What does all this mean for transit development? It means real estate interests aren’t interested in it because they’re focused on adding Lexus Lanes to area freeways to accommodate (in their minds) wealthy commuters and tourists going downtown.

In addition to auto-oriented development, the state and anti-transit activists have made it difficult to build light rail at all, much less in areas where it’s needed most, but where redevelopment investment is low. Dallas now has more miles of light rail than any urban area in the U.S., and the so-called “green” city of Austin has only one piddling DMU two-car commuter line that can carry only a few hundred riders per hour at peak time, often leaving riders standing at the station to wait for the next train (headway around 1/2 hour). Bus routes offer infrequent service in most areas if they’re served at all, and provide few direct connections to two new express routes billed as “bus rapid transit” (BRT) but which operate almost entirely in congested auto traffic lanes. The city just passed a $750 million bond issue that will benefit road projects but provides near-zero funding for transit improvements.

Bottom line: Austin’s reputation as an “innovative” city is belied by its failure to implement effective, bona fide transit-oriented development (TOD) projects in areas that are ripe for redevelopment and that don’t negatively impact the limited supply of affordable housing stock (disproportionately occupied by people of color). The injustice is not only economic and social, it’s environmental.

It’s a joke to think of Austin as progressive when you see developers dictating land use to the city, and the city addressing the affordability crisis by allowing these developers to avoid incorporating affordability into new projects even as they demolish existing affordable neighborhoods. The powers that be control the transit agency’s board, dictating policy to Capital Metro, ensuring the agency won’t put up a fuss or make “unreasonable” demands – such as pushing the city to require redevelopment of the older sprawl zones before permitting new sprawl. Austin lags far behind many other cities in terms of equitable, environmentally sensible transportation services, and it doesn’t look as if that’s going to change any time soon.

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City’s “Smart Corridor” Prop. 1 bond plan promising way more than it can deliver

29 September 2016
Graph shows disparity between funds budgeted in "Smart Corridors" bond package and projected actual cost of these projects. (Graph: ARN.)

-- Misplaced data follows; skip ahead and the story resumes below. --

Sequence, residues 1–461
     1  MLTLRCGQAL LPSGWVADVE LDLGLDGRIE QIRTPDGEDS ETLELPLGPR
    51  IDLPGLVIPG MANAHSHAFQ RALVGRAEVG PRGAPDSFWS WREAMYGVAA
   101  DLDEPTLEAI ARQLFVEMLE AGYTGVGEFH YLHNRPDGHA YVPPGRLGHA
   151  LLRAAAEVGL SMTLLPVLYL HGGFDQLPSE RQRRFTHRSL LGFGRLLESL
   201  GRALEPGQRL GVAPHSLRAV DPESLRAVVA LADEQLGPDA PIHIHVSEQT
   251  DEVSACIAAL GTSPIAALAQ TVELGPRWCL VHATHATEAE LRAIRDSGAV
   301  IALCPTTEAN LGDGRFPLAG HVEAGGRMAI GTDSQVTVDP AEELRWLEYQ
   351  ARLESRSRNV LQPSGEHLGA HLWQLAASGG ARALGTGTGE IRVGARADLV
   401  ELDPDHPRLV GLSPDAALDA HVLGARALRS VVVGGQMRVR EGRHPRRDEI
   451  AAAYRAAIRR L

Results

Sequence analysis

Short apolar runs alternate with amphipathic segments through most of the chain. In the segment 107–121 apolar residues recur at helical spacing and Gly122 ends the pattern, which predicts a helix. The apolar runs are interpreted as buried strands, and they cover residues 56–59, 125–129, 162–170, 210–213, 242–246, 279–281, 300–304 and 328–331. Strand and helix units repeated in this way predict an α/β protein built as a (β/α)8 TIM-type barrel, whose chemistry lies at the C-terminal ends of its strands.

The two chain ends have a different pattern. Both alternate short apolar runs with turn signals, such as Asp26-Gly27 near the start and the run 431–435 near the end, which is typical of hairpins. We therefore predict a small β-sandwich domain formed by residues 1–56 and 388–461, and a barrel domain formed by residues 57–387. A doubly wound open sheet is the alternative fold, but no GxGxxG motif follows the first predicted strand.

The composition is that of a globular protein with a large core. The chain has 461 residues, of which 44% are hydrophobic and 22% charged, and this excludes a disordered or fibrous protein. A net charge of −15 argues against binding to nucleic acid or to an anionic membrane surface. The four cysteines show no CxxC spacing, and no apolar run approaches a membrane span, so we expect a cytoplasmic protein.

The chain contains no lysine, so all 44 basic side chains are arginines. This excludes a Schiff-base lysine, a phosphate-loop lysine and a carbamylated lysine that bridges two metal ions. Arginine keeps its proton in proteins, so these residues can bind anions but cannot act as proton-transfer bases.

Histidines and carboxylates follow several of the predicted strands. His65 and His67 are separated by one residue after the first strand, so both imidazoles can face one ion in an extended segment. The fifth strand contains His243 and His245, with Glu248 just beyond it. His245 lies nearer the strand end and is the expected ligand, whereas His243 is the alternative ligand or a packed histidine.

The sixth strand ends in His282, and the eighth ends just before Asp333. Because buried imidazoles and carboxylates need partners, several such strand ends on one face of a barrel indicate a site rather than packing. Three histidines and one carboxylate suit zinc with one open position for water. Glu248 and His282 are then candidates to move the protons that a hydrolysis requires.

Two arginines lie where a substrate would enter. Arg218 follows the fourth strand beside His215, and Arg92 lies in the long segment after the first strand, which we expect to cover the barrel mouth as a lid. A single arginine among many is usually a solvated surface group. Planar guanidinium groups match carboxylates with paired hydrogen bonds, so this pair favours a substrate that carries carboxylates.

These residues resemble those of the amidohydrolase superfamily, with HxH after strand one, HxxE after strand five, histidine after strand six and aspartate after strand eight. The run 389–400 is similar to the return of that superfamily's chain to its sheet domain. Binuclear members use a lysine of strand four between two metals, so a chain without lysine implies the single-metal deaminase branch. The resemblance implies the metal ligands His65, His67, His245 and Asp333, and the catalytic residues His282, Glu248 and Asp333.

Graph shows disparity between funds budgeted in “Smart Corridors” bond package and projected actual cost of these projects. (Graph: ARN.)

In past postings we’ve roundly criticized the City of Austin’s “Mobility Bond” plan as a “non-mobility” proposal – there’s no transit project, and two-thirds of the funds are allocated for makeovers (“smart corridors”) of existing arterials. (With $101 million of “Regional Mobility” projects – highways and other major roads in the region – plus $26 million of other street and road improvements, the total allocation for roads comes to $609 million, or about 85% of the total $720 million “Mobility Bond” package.)

Now, according to a Sep. 25th exposé by Austin American Statesman transportation reporter Ben Wear, the bond proposal (now designated Proposition 1) falls appalling short of even fulfilling the “Smart Corridors” projects that it’s promising to voters.
http://www.mystatesman.com/news/news/local/wear-austins-go-big-road-bond-not-big-enough-to-co/nsdkh/

The “Highlights” to Wear’s article pretty much say it all:

• The $720 million bond proposition’s greatest vulnerability is that it promises much more than it can deliver.

• The bond includes $482 million for corridor projects estimated to cost more than $1.56 billion.

As Wear elaborates:

The Austin City Council, when it passed an ordinance in August calling a $720 million bond election, was pretty specific about how $482 million of that money will be spent.

That slice of the money, the five-page law says, will pay for “implementation of corridor plans” for nine, or perhaps eight of nine, specific city streets: North and South Lamar, Burnet Road, Airport Boulevard, Martin Luther King Jr. Boulevard, East Riverside Drive, Guadalupe Street, William Cannon Drive “and/or” Slaughter Lane. It doesn’t say “partial implementation” or “implementation of some of the following roads.”

So a voter could be forgiven for thinking that $482 million will do it all.

It won’t.

Not even close.

While just $482 million has been budgeted, reports Wear, according to staff estimates, “The total tab for the seven corridors that have a completed or in-progress study … would be $1.56 billion ….” He concludes:

You get the picture: The corridor money will pay for something between a quarter and a third of what the studies are recommending. But which quarter or third? Which corridors? What type of changes?

In other words, voters would be “buying” a “pig in a poke” … only that’s not what they’ve been told.

In the assessment of longtime community transportation activist and researcher Roger Baker (who has contributed several articles to this site),

This makes it pretty clear that Adler’s bond package is essentially top-down, business as usual road politics. This as opposed to a cost-effective engineering solution to some well-defined transportation problem or approach. Austin can’t possibly pave its way out of congestion by raising property taxes, and a truly smart city wouldn’t try.

Curiously, a group (seemingly anonymous) has been posting large signs around the city opposing Proposition 1 and denouncing it as “deceptive” as well as “destructive”. Given the shenanigans that Ben Wear has revealed, this kind of sentiment may spread. ■